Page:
What if I told you that there is a supplement that you can take after your baby’s birth that would ensure a good milk supply, reduce your post-partum bleeding from weeks to days, give you real energy (not the fake caffeine kind) and help protect you from postpartum depression. Would you be interested?
Oh course you would. Every women would. The transition into motherhood is stressful enough. Imagine the benefits listed above and their impact on those first few days of motherhood. Imagine how much easier it could be.
And I know the first reaction to the idea of placenta ingestion is “ywe gross”. I’m right with you there. However, I have always believed that the placenta is special and worthy of respect. I buried Julia’s placenta and planted a rose bush over it. The thought of simply throwing it away, as medical waste, didn’t seem right to me. But those people, those weirdos who eat the placenta… well that’s just going too far.
At least that’s what I used to think. Then I met Jenny West, a hypnobirthing practitioner and midwife with over 20 years experience from Albuquerque New Mexico. All that Jenny asked was that I suspend my “ywe” factor long enough to hear the information and then make my own informed decision.
And so I did. And the information she presented, along with the other information that I found on my own convinced me that this is a worthwhile endeavor and one that more women should at the very least know about, so that you can make your own informed decision. I ask the same thing of you, that Jenny asked of me. Please give the information a read before you make a decision.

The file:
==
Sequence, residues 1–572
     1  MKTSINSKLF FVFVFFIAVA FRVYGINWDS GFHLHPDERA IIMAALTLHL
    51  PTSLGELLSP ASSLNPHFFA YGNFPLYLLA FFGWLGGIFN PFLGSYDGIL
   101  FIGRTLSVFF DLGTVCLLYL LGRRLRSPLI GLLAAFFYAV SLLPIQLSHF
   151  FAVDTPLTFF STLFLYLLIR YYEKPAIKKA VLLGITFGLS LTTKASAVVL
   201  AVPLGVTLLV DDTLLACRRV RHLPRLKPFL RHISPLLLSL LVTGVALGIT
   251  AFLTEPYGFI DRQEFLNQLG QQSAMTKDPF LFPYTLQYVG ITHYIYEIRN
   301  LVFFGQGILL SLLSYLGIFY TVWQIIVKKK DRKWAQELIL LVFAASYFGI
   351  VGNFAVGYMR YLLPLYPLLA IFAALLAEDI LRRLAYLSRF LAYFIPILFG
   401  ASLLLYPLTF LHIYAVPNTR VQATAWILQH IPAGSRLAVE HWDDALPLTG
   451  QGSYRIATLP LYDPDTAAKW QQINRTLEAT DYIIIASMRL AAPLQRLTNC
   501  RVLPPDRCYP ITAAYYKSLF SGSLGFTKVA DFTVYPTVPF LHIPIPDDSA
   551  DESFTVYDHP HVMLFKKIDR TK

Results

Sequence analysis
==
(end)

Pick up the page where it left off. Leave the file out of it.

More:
To start us off, check out this news report that does a fabulous job of introducing this topic.
Ok. So how do most people view and experience the first weeks after a baby is born?
For most of us, it’s a period of surviving a steep learning curve, adjusting to life with little or no sleep and having no time to take care of yourself, as all or most of your available energy is put towards caring for your sweet new baby. For most, the postpartum period is hectic and overwhelming. Yet it doesn’t need to be that way.
Ingesting the placenta can result in a stellar postpartum experience. Women who have done this, report experiencing a tremendous amount of energy. Like one of the mamas that I know who was almost embarrassed and told me, “It’s almost as if I didn’t just have a baby, I feel that good.” We are one of the few mammals that do not do this. Why is this so common amongst mammals? The new mother receives a boost in hormones, it helps to stop the bleeding and speed the healing of the uterus, helps to replace the iron and blood cells that were lost in the birth process and ensures a good and abundant milk supply. In the wild all of these factors are critical for survival.
Perhaps we have overlooked something? I think of the lengths that women will go to to up their milk supply or to heal from postpartum depression. They are a lot more extreme that drinking a few smoothies or swallowing a few capsules.
I have met a number of women who have done this practice and all of them report the same results… increased energy, good milk supply, and simply feeling really positive overall during the postpartum period. I recently helped my friend do this. And we saw the same results.